With the ever-increasing threat of cyberattacks, the Secret Service is adopting a “zero trust” approach to cybersecurity. This “zero trust architecture” requires constant verification of everything that’s trying to connect to an organization’s IT systems.
The Secret Service developed a plan to implement this with 4 milestones, such as assessing agency IT systems against federal guidance and implementing cloud services. But the agency created this plan before federal “zero trust” guidance was issued and hasn’t updated its plan to reflect this guidance.
We recommended that the Secret Service address this issue and more.
A zero trust architecture is a set of cybersecurity principles stating that organizations must verify everything that attempts to access their systems and services. These principles cover five pillars (see figure).
Cybersecurity and Infrastructure Security Agency Pillars of Zero Trust Architecture
The U.S. Secret Service developed an implementation plan for four milestones intended to support a zero trust architecture. The milestones are to (1) perform a self-assessment of the agency’s IT environment against federal guidance, (2) implement cloud service offerings from a vendor, (3) achieve maturity in event logging, and (4) transition the agency’s IT infrastructure to a more advanced internet protocol. Secret Service completed a self-assessment, and made progress in implementing cloud services and achieving maturity in event logging. In addition, the agency had a plan to implement a more advanced internet protocol, but had not met longstanding Office of Management and Budget (OMB) requirements for public-facing systems. By transitioning to this protocol, the agency can leverage additional security features.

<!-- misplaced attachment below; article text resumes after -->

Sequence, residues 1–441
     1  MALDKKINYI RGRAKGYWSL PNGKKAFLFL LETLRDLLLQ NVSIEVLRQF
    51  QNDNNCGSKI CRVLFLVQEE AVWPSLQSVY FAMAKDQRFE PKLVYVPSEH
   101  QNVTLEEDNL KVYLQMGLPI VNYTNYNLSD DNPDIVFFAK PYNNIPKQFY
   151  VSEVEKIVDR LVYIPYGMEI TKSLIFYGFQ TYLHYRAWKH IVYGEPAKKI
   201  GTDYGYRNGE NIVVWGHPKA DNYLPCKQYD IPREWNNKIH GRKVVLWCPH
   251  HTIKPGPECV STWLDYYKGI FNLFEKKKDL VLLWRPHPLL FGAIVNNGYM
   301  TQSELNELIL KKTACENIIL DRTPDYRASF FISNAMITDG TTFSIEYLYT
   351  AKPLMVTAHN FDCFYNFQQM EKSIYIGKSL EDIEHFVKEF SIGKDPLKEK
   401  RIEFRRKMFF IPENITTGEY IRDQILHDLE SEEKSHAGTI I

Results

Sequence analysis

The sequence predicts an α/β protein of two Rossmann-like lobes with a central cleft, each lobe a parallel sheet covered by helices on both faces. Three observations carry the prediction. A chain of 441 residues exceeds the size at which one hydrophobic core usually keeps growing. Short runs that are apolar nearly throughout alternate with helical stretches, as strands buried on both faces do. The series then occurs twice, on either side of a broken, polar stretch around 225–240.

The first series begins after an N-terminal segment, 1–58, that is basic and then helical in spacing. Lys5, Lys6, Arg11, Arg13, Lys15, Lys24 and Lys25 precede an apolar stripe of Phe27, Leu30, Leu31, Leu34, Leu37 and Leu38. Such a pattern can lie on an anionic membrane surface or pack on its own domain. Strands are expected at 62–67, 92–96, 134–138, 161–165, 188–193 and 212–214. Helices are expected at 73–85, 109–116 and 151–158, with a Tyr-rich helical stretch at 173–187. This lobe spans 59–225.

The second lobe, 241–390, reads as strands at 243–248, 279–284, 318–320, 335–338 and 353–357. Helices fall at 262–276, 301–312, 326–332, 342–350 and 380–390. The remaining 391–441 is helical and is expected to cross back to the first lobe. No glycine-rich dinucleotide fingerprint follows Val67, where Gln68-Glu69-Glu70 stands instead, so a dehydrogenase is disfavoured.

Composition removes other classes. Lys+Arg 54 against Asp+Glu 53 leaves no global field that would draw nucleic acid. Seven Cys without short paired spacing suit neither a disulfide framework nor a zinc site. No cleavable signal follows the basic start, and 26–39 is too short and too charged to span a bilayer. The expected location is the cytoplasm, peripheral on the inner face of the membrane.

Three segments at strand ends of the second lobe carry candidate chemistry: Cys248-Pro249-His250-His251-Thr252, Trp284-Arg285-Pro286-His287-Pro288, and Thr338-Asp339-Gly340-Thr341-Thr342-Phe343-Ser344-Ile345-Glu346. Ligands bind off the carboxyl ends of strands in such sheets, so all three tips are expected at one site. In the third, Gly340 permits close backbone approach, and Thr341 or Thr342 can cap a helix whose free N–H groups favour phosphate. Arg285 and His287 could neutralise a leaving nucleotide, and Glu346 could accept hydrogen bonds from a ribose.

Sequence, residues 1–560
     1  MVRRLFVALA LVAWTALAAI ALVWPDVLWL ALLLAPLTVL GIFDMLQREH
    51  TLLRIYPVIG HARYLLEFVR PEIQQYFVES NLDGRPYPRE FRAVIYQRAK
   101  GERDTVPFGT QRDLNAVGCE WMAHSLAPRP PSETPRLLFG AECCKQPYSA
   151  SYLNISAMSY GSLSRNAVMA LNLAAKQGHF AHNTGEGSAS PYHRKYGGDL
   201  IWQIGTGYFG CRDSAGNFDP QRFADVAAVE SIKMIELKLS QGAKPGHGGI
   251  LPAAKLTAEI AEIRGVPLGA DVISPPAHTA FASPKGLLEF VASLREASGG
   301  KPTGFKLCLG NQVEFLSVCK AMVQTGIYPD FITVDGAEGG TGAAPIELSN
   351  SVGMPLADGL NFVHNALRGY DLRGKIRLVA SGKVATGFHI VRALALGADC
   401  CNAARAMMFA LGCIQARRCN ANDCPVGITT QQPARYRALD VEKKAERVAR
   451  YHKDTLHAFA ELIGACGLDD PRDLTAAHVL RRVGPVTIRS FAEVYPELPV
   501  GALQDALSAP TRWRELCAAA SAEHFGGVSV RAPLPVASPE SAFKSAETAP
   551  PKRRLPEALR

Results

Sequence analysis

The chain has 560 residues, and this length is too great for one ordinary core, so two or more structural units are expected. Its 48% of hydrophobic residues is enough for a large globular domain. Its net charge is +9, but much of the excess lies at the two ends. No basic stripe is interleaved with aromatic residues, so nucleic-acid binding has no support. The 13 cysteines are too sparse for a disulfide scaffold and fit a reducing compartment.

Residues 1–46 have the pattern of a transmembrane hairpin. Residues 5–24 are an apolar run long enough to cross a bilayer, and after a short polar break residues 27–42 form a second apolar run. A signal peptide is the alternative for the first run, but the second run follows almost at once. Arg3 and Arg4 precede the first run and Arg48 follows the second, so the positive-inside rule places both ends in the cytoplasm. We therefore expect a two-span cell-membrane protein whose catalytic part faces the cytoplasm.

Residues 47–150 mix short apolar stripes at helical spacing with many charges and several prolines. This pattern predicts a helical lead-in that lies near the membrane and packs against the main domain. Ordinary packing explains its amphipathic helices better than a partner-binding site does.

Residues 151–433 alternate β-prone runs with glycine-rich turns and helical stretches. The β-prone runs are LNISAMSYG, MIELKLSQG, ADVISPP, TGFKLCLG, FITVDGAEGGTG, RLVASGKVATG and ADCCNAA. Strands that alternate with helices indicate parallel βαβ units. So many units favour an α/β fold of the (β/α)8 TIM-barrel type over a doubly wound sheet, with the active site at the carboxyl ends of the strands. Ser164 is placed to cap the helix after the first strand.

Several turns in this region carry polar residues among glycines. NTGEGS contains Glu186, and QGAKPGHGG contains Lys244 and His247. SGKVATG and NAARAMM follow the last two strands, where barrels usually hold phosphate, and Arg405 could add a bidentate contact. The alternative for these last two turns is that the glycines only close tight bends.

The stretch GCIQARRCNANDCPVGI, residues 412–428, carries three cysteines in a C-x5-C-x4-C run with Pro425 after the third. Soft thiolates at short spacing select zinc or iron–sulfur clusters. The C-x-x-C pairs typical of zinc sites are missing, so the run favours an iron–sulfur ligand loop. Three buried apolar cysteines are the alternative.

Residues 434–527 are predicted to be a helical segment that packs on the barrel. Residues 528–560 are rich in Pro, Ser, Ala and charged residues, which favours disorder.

Secret Service had additional efforts underway that could address actions specified in OMB’s zero trust strategy issued in January 2022. However, because Secret Service developed its implementation plan before OMB issued the strategy, the plan’s milestones do not cover all of OMB’s required actions. Further, Secret Service has not updated its implementation plan to reflect these additional efforts. Doing so would provide agency management with a comprehensive and unified view of disparate activities associated with the zero trust architecture transition process.
Given the ever-increasing cyber threat landscape, the federal government has initiatives underway intended to protect agency IT. One such initiative, a zero trust architecture, is based on the concept that no actor operating outside or within an organization’s network should be trusted.
The U.S. Secret Service, a component of the Department of Homeland Security (DHS), relies heavily on the use of IT to support its protection and financial investigations mission. GAO was asked to review cybersecurity at the agency. The objective of this report was to evaluate Secret Service’s implementation of a zero trust architecture.
To do so, GAO reviewed the activities associated with four milestones the agency had developed with the intent of supporting a zero trust architecture. GAO compared Secret Service plans to OMB requirements and industry best practices.
GAO also reviewed configuration settings and interviewed agency officials about the milestones. GAO reviewed additional actions that the agency either had underway, or intended to take, to determine if the actions would meet OMB’s requirements.
GAO is making two recommendations to the Secret Service, including to transition to a more advanced internet protocol for its public-facing systems and to update its zero trust architecture implementation plan. DHS, on behalf of Secret Service, concurred with the recommendations.
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